Academic journal article Modern Journal of Language Teaching Methods

Counter-Cultural Patterns in Iranian Efl Textbooks and Their Relationship with the Level Increase

Academic journal article Modern Journal of Language Teaching Methods

Counter-Cultural Patterns in Iranian Efl Textbooks and Their Relationship with the Level Increase

Article excerpt


Textbooks are of crucial importance in promoting the way second language is taught and learned within the class time. Almost all students appear to be pretty attentive concerning the concepts they encounter in the textbooks they study each semester so that they cannot help making use of them in their routine lives; that is to say, once they acquire some knowledge of social, religious, cultural and linguistic topics, they cannot avoid their impression (Kafi,et al; 2013). The issue of textbook impacts is so important that has led the researchers to carry out a wide variety of studies on this regard and language teachers to choose the kind of textbook most compatible with the culture of the learners' society.

Language and culture are so interrelated that learning a language is found out by a great number of researchers to be almost impossible without learning about the culture of that language. Language learning as stated by Wilkes (1983) is made up of three closely interlinked parts: linguistic, cultural, and attitudinal. Cultural materials, however, as applied in TESL or TEFL, are mostly constructed in accordance with patterns of American Culture and are hence organized in such a way to generate a greatly restricted, imprecisely described and not essentially suitable kind of cultural consciousness (Fenner 2001). According to Clarke and Clarke (1990) there are a lot of conventional beliefs and prejudices in British EFL texts specifically those concerned with topics such as gender, race, class, and religion. The most typical ideological clue in all the imported EFL books was reported to be consumerism and sexism (Abdollahzadeh and Baniasad, 2010). The cultural values of the target language, therefore, may be regarded as counter-cultural patterns in an Islamic society which may give rise to some problems in TEFL.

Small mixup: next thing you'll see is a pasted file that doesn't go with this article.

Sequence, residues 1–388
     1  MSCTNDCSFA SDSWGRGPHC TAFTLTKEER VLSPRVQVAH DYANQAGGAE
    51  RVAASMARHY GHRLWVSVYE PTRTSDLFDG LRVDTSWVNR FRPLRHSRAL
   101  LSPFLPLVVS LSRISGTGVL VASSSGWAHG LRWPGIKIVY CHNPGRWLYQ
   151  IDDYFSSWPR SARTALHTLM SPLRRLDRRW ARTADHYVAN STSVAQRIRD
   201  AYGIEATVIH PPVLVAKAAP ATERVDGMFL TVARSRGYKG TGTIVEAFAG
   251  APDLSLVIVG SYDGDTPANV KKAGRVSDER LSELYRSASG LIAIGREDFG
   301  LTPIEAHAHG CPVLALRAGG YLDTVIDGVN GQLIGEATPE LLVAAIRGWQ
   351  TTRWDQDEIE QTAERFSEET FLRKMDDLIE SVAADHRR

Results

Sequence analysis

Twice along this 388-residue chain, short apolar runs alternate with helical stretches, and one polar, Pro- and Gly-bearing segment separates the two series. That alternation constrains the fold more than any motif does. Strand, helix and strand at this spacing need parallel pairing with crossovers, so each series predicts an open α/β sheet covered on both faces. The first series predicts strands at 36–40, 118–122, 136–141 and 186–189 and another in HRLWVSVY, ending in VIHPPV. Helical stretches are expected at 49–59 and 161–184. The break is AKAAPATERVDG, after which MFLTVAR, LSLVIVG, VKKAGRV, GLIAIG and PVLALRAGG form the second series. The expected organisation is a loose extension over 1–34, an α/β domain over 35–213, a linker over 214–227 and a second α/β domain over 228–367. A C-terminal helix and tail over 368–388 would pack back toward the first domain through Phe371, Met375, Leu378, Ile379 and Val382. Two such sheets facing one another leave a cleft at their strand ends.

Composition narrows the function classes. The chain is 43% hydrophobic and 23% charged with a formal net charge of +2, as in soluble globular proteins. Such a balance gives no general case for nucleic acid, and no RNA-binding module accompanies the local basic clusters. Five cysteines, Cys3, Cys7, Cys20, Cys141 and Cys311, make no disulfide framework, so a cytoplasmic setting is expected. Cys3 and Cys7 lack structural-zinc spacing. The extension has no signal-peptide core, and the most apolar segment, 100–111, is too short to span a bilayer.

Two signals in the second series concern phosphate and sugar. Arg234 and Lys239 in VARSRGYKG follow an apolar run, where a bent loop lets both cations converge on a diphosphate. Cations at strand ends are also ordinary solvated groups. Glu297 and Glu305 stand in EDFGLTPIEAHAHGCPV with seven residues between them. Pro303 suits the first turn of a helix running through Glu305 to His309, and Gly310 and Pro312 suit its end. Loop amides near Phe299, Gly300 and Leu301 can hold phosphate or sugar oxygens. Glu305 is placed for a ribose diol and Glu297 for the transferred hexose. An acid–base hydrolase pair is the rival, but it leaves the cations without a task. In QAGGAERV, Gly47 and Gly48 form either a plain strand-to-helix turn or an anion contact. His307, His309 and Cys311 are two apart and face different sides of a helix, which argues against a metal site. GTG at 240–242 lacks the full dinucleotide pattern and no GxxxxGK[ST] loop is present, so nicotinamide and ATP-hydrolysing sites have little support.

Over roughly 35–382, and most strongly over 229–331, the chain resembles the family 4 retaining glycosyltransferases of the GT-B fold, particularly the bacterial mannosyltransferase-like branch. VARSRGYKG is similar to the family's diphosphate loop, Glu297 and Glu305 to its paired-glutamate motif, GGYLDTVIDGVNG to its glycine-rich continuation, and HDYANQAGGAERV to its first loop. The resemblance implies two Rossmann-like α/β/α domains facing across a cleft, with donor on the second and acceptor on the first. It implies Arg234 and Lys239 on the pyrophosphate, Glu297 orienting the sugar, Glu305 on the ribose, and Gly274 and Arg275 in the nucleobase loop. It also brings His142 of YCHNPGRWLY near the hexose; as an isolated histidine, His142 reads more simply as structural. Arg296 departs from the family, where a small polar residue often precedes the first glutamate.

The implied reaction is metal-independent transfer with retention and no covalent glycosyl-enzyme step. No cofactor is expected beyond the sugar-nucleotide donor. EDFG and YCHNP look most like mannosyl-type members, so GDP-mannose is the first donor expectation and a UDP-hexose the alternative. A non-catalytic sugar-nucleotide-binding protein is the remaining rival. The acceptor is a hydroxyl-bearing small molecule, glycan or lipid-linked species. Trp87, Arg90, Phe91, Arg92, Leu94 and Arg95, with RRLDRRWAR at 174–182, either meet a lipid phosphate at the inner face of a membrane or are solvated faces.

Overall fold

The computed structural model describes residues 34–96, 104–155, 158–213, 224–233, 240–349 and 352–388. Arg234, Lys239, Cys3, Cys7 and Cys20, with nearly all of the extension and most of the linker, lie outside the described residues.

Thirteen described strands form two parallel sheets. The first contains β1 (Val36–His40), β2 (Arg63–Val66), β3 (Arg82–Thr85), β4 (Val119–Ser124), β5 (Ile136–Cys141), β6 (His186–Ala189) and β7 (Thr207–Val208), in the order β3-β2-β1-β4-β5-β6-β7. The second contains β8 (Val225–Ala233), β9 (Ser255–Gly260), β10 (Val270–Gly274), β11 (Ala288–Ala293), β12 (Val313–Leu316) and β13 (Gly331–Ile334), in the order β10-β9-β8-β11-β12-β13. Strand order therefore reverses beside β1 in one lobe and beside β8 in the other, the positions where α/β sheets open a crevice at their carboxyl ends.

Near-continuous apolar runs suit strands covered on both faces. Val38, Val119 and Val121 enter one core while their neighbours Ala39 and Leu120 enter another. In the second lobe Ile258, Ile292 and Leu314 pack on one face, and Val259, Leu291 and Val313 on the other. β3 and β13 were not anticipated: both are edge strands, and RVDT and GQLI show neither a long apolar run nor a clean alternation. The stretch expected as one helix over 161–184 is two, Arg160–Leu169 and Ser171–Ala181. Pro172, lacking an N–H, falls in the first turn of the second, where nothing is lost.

EFL learners' attitudes towards a specific culture can be of vital importance in curriculum settings. Negative attitudes contribute to failure in learning the language and positive attitudes overshadow the learners' accomplishments. The significance of culture has led the ministry of education in Iran as an Islamic country to publish, assign, and utilize textbooks compatible with Islamic culture for school students. University teachers, however, seem to have more freedom to choose among a wide variety of textbooks imported from English-speaking countries. As many of these textbooks may be less suited to Iranian Islamic culture, much care and attention is required in order to select and teach a coursebook with the fewest cultural and social shortcomings regarding Iranian cultural values.

The following study aims at exploring the frequency of the counter-cultural patterns found in English EFL textbooks taught to university students taking pre-university and general English courses as a prerequisite for ESP courses. The textbooks under consideration are Active Skills for Reading and Select Readings series most commonly utilized at the universities of Boushehr Province. Between these two types of textbook series, the one with fewer counter-cultural patterns seems to be closer to the objectives of education in Islamic societies and hence priority should be given to it over the next. This study also seeks to explore whether there is any relationship between the level of the EFL textbooks and the frequency of the counter-cultural patterns embedded in them; in other words, whether the number of non-Islamic values increases or decreases with the rise in the textbook level.

2.Language and culture relationship

An enormous number of studies carried out on language and culture manifest a close connection between these two notions. This complex and interrelated link (Mitchell & Myles, 2004) is indicated in such concepts as 'linguaculture' (Friedrich, 1989), 'languaculture' (Risager, 2005), 'language-and-culture' (Liddicoat, Papademetre, Scarino, & Kohler, 2003) and culturelanguage (Papademetre & Scarino, 2006). …

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